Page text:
To mark the forty years of Erwin Olaf's career, Galerie Rabouan Moussion is presenting a French exclusive of his latest series: Palm Springs. This exhibition of photographs and videos also celebrates fifteen years of collaboration between the Dutch photographer and the Paris gallery.
PALM SPRINGS CONCLUSION OF A TRIPTYCH
Following Berlin (2012) and Shanghai (2017), Palm Springs concludes his triptych on changing cities. Berlin was produced at a time when dark clouds were heaping up over Europe with the questioning of freedom of expression, democracy and the transmission of power from the older generation to the younger.In Shanghai, a hypermodern Chinese metropolis, Olaf examines what happens to an individual in the midst of 24 million people.With Palm Springs it is climate change that is at the heart of his thinking; his treatment is reminiscent of America in the 1960s.
There are many thorns in Olaf's California - and people show less optimism than in his previous series. Palm Springs could be the third part of a trilogy or the third series with a new tone that is now Olaf's. It is becoming increasingly clear that Erwin Olaf is no longer playing (if, that is, he ever really was). Berlin, Shanghai, Palm Springs... all poisoned in various ways, all betraying their promise, leaving only profits - and losses.
Palm Springs (2018) is at once a progression (this is the first time I have photographed landscapes) and a step back. I returned to the 1960s. I love the mid-century details in Palm Springs and the stories they evoke. I had studied Gordon Park's photos, a very different way of seeing America than that of Norman Rockwell. What interested me was the stylized documentary. I wanted to introduce the real world a little more. I loved all the details of the places we photographed, for example a yellowed lawn because it was very hot and dry. My team was preparing to spray it green, but I preferred to leave it as it was because it was the reality of our time, where the climate is changing, while we stay in our closed communities. Reality is creeping into the paradise we're desperately trying to maintain. As a story emerged during the work and selection of photos, I began to consider this as a parable about the distribution of wealth, so unjust and so unsustainable in the long run, between the different classes of our society.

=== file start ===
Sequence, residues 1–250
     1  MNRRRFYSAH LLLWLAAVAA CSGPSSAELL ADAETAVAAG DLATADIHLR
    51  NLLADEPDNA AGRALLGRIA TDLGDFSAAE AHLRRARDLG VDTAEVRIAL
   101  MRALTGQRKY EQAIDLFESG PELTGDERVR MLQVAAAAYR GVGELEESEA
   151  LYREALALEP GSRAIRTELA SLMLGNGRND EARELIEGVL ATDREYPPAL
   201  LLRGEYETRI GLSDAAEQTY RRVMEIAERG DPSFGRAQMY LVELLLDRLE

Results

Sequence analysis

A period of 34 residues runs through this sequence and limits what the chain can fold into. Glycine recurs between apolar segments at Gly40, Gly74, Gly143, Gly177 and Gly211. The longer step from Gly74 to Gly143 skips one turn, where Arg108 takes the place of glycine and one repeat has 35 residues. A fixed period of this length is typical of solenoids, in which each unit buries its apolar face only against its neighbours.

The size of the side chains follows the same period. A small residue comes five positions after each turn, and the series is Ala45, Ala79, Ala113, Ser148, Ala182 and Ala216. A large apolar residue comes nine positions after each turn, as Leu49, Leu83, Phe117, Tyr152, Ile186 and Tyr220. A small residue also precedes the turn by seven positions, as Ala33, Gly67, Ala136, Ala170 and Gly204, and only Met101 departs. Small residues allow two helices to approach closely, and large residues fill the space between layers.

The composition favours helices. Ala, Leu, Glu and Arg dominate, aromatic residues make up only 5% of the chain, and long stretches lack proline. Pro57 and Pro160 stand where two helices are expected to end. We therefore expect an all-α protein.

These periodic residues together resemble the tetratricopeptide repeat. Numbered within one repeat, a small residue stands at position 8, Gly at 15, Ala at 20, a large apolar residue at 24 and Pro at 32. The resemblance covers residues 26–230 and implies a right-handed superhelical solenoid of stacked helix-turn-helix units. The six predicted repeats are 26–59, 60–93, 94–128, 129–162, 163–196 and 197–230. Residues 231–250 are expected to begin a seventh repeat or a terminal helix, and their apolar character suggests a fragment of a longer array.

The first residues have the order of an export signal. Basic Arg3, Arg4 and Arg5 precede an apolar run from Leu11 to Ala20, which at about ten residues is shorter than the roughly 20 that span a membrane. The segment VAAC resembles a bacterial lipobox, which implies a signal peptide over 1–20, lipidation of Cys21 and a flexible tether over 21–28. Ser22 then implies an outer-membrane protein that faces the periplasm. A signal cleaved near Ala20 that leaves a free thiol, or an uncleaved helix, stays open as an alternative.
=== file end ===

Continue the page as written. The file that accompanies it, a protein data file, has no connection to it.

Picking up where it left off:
What I'd like to see in my photographs is a perfect world with a crack inside. My job's to first make the image attractive enough to make people want to look at the story I tell them, and then to give them a slap in the face.
ERWIN OLAF AND THE RABOUAN MOUSSION GALLERY
It is no coincidence that it was with the Erwin Olaf exhibition, Waiting, that the gallery celebrated the opening of its new space on rue Pastourelle in Paris in 2015. This baptism is a testimony to a collaboration going back almost 15 years to his first exhibitionParadise, Mature and Separation, the title of his three emblematic series. Erwin Olaf has lived and worked in Amsterdam since the early '80s. He was discovered by the international art scene with his series Chessmen, which won him first prize in the Young European Photographer contest in 1988.Since then he has explored the social issues and taboos of our society on issues of gender, sensuality, despair and grace. After his major solo exhibition Emotions at La Sucrière de Lyon in 2013, the 2016 annual nocturnal arts festival Nuit Blanche marked a new stage in the artist's refined, singular career, with the realization of a site-specific work projected on the facades of the Hôtel de Ville de Paris (Paris City Hall), That Nuit Blanche allowed him to establish his reputation in France.In 2017 the gallery presented the images produced for band Indochine's album 13, a series inspired by Henry Darger.
GALERIE RABOUAN MOUSSION
11, rue Pastourelle75003 Paris